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-   -   BIAB as easy as I can make it. (http://www.homebrewtalk.com/f244/biab-easy-i-can-make-240401/)

Parkinson1963 04-17-2011 11:13 PM

BIAB as easy as I can make it.
 
Brew in a Bag, also known as BIAB

As simple as I can make it


Equipment List

1 Pot , with lid, at least 10 gallons, 40 litres in volume (I use a keggle)
2 Bag, swiss voile (mine is 1.5' wide by 2.5' high)
3 Mash Paddle
4 Heat source
5 Thermometer
6 Insulation (old comforter, blankets, sleeping bag, etc)

The Bag
A lot of talk is generated on this simple thing.
What you are making is a pillow case out of mesh.
In fact a new washed pillow case (poly cotton/polyester) will work quite well, just not as efficient.

Best material so far, Swiss voile (fabric stores carry it).
The material comes in 5' widths so 1/2 yard will make a bag.
Use of sewing machine and ten minutes will make a bag, ask your mommy, girl friend, sister, etc
If no sewing machine a needle and thread will do (about ˝ to 1 hour)
A draw string closure will be nice, but not necessary.
Also I believe a 1m by 1m square of the material will make a bag, with no sewing. Just push the material into the pot with 4 spring clamps holding up the edges (I have not tried this yet).

The Grains
A fine crush is best for BIAB, I use a 0.5mm (0.02”) gap on my barley crusher mill.
Some flour is fine and expected.


Procedure

for a five gallon batch

1. Add 28 litres (7.5 gallons) of water to the pot.
2. Begin heating
3. When to about 10c less than the mash temp add the bag and the grains
4. Stir the grain with your mash paddle well, no lumps.
5. Keep heating and stirring until your mash temp is reached (65 to 68c)
6. Turn off heat
7. Put lid on pot and insulate
8. Leave alone for 60 to 90 minutes
9. Remove insulation
10. Apply heat and stir until mash out temp reached (~76c)
11. Shut off heat
12. Lift up bag, drain, squeeze, drain, squeeze,drain, repeat as necessary I try to get every drop.
13. Apply heat bring to boil, add hops, cool, pitch yeast, etc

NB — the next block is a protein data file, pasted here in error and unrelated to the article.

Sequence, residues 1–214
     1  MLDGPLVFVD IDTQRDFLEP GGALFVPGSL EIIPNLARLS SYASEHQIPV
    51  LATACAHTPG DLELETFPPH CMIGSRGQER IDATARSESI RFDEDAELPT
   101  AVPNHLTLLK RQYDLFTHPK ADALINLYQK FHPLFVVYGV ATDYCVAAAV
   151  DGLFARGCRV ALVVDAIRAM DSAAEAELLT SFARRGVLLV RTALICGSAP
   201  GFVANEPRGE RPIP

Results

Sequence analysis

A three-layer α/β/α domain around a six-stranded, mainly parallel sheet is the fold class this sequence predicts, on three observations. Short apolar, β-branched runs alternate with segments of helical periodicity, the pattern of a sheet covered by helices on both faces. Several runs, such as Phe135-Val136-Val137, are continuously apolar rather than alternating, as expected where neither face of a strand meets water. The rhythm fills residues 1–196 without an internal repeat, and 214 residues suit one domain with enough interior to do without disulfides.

With the above equipment and method I get ~75% efficiency, same as my three vessel system.

There are lots of room for modifications to above method, knock your self out.

However in my opinion keeping it simple is what BIAB is about

“It's dead easy” Uncle Dennis, 40+ year beer maker

Colin

octo 04-17-2011 11:21 PM

I find long mashes key to the BiaB technique. Also, dont squeeze your grains bag! Also I do a separate batch sparge by dunking the grain in to 170*f water and allowing it to rest there for 10 minutes or so, longer the better. then combine the liquids and bring to a boil. I get efficiency in the high 80s when I do this. Oh, I also double mill my grains.

cadarnell 04-18-2011 03:38 AM

i think you can squeeze .. it has become the norm in biab .. i think ...

Mysticmead 04-18-2011 03:43 AM

Quote:

Originally Posted by octo (Post 2846311)
I find long mashes key to the BiaB technique. Also, dont squeeze your grains bag! Also I do a separate batch sparge by dunking the grain in to 170*f water and allowing it to rest there for 10 minutes or so, longer the better. then combine the liquids and bring to a boil. I get efficiency in the high 80s when I do this. Oh, I also double mill my grains.

why not squeeze the grain bag? please don't say its to prevent tannins from being extracted because that's a myth.

the biggest thing about BIAB is the crush. crush it until you're scared and then go one step farther. dunk sparging ...some do it..some don't. I'm one of those that doesn't. I do a mash out by heating to 165-168F, stirring the entire time I heat. pull the bag and once it has slowed to almost a drip I place it in a colander over either the brew kettle or my old 5 gallon pot. after 20 minutes I squeeze the bag for all its worth.

eulipion2 04-18-2011 03:44 AM

Quote:

Originally Posted by octo (Post 2846311)
I find long mashes key to the BiaB technique. Also, dont squeeze your grains bag! Also I do a separate batch sparge by dunking the grain in to 170*f water and allowing it to rest there for 10 minutes or so, longer the better. then combine the liquids and bring to a boil. I get efficiency in the high 80s when I do this. Oh, I also double mill my grains.

'The Squeeze' is fairly common among no-spargers, myself included, as a way to help keep efficiency up. I've never had any problems with over-extraction, nor have I read of anyone else having this problem. The most important part of doing no-sparge, IMHO, is to bring the temp up to mash-out temperatures to allow for more dissolved sugars in solution and make the mash liquid less viscous and more likely to separate from the grains.

tesilential 04-18-2011 06:00 AM

I take it one step further.

Mash at 154*f for 75 minutes. Remove bag and let it drip. Then I place the grain bag on a colander and pour COLD water over the grains. This is less to sparge and more to lower the grain temp so I can squeeze the bag without burning myself. I am a newb but I achieved 85% efficiency everytime with this method. My grain never gets above mash temp and I've got great efficiency. I do double crush at the LHBS as well.

Seven 04-18-2011 12:29 PM

Very nice, simple description of the process. Well done Colin!

ultravista 04-19-2011 04:07 PM

Thank you for posting.

timbudtwo 05-10-2011 12:35 AM

DO squeeze the bag with biab. Please see the link in my sig

Snotpoodle 05-11-2011 11:29 AM

I squeeze the bejebus out of it.

And i get 85% efficiency.


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